As of June 16, of this year, the markets entered bear market territory.
The Dow Jones Industrial Average has lost 18%.
The broader S&P 500 Index is down 23% and the NASDAQ Index — which includes most Technology companies — is down 32%.
The last bear market for the S&P 500 lasted from Feb. 19, 2020 through March 23, 2020.
The index dropped 34% in a one-month period. It was the shortest bear market in history, due to the panicked response to COVID-19, and its resultant unknowable global implications.
Today, we are dealing with the highest inflation in four decades and rapidly rising interest rates. Excessively easy monetary policy over many years and President Biden’s gargantuan fiscal spending lit the fire of rising prices in every sector of the economy.
Now, markets are forced to absorb the implications of higher rates, a future recession, and the negative impact on corporate earnings.
This means that the threat to our invested savings — especially 401(k)s, IRAs, and retirement funds such as pensions and other assets — is real and growing.
Almost $10 Trillion in equity market value has disappeared in just a few months; this does not take into account major losses in the bond markets.
The young crypto currency markets have never experienced inflation. This new marketplace was significantly more leveraged than many traders and investors realized. The crypto crash adds up to $2 trillion in lost valuation so far — in what is a wild meltdown.
All of this disruption will lead to inevitable finger pointing.
Looking for the chief suspects?
Search no further than a slow moving Federal Reserve and oblivious Treasury Secretary, Janet Yellen. Both seriously missed the mark on sound economic management.
The Biden administration has also consciously avoided facing economic reality for too many months. The consequences of a “head in the sand” political approach and mindless climate change platitudes are now all too clear; they spell disaster for pocketbooks, savings accounts, and our individual and collective financial futures.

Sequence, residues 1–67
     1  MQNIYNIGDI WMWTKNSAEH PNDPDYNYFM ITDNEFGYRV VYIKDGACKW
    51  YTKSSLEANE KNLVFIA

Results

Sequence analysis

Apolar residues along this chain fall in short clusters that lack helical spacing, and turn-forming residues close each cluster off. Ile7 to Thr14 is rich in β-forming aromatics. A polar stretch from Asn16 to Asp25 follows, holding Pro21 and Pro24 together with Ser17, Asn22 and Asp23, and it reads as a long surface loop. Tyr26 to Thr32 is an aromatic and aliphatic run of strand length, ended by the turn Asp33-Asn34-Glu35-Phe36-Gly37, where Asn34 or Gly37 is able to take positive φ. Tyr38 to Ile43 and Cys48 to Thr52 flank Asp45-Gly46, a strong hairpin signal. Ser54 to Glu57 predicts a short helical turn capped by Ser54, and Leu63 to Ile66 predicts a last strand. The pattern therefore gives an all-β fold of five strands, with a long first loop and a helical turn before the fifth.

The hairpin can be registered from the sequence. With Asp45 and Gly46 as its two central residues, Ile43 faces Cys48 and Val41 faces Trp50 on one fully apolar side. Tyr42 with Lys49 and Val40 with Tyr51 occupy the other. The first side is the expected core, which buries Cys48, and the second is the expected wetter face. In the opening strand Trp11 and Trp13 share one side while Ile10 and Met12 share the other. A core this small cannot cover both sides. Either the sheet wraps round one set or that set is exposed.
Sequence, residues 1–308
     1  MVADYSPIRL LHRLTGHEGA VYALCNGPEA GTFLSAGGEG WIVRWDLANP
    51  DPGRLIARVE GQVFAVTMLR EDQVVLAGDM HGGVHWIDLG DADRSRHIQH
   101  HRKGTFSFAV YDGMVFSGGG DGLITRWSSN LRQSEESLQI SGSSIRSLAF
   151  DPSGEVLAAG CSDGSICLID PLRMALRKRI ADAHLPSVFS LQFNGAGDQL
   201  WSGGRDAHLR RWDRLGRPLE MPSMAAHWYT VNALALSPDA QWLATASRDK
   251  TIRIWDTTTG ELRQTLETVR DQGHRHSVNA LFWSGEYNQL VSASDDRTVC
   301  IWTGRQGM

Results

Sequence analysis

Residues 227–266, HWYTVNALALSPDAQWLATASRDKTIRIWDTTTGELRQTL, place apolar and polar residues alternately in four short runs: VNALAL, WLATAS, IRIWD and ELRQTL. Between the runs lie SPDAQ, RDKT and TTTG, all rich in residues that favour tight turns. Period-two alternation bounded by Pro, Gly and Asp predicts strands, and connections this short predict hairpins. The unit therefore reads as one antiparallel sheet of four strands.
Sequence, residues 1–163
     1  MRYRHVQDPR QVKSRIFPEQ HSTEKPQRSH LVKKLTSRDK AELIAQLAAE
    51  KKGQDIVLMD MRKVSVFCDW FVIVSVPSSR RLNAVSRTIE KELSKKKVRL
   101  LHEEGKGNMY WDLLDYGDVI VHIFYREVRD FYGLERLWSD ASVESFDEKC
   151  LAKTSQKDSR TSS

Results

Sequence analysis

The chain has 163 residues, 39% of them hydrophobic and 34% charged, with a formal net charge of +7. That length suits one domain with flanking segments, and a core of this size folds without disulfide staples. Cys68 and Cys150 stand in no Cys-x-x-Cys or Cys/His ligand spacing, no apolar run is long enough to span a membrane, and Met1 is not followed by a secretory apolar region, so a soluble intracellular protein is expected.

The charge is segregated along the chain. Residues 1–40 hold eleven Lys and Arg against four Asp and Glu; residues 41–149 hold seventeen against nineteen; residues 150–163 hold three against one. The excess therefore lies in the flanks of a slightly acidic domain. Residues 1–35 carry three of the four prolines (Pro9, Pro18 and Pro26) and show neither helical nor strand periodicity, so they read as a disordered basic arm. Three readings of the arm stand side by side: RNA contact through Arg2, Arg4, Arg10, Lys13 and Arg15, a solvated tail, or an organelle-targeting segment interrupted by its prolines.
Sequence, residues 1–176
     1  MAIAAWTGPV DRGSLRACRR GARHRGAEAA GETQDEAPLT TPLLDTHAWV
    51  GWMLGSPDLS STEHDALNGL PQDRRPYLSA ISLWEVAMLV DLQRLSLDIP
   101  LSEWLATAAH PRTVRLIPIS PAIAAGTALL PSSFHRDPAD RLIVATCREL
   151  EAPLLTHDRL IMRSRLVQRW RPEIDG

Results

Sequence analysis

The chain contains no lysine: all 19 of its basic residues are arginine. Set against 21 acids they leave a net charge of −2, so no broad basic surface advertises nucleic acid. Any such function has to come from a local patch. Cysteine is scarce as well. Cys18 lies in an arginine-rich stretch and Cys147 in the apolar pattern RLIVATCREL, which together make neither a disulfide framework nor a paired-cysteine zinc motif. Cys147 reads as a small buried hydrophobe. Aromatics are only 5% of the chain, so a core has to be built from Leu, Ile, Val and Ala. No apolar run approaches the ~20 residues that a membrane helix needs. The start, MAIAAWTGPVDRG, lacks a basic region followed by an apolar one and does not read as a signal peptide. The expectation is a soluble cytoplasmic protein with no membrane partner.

Economist Mohamed A. El-Erian rightly notes, “I was very puzzled when a year ago so many people were so confident that inflation was transitory. There was too much we didn’t understand about the post-COVID inflation so a bit of humility would have been a good idea.”
The only experienced and high profile Democrat willing to warn of the oncoming train wreck was former Clinton Treasury Secretary Larry Summers, who this past Sunday continued his truth tour and warned of a possible painful recession within two years.
We all face tough choices ahead — particularly millions of low and middle income households.
Vanguard recently released its annual blockbuster survey of all the millions of retirement plans it manages. It’s called How America Saves, and the conclusions drawn are both enlightening and alarming.
While it shows the “average” American worker has a 401(k) balance of $142,000, this number is skewed by adding together all households including extremely wealthy accounts.
The more accurate median measure (literally the data in the middle of the ranking) shows the American 401(k) balance for a worker aged 45 remains at $35,000.
Unfortunately, It has not grown much since 2012.
In fact, many Americans have less than $20,000 in retirement savings.
Countless savers missed an opportunity to grow their nest eggs because the period from 2010 through the end of 2021 was one in which the S&P produced returns of more than 400%,quintupling the money of those who invested in stocks.
Of course, the 2022 losses have not yet been factored into the accounts.
We may never fully understand the poor performance of our current president, Federal Reserve, and current U.S. Treasury Secretary, Janet Yellen.
Or the steady drumbeat of climate catastrophe supported by the Biden administration, an agenda which has led to our nation’s massive energy shortfalls and sky high gasoline, diesel fuel, and natural gas prices.
The bumblers on Team Biden are seemingly merely grateful to have their cushy jobs and just “phone it in,” on a daily basis.
As we absorb the latest Federal Reserve 75 basis-point rate hike and glance at our investment statements, yes, we may require some prudent financial decisions and belt tightening.
We should also be ready to think carefully about how we can choose and elect better leadership at the nation’s helm in the future, for our futures.
Clara Del Villar is Director of Senior Initiatives at FreedomWorks Foundation.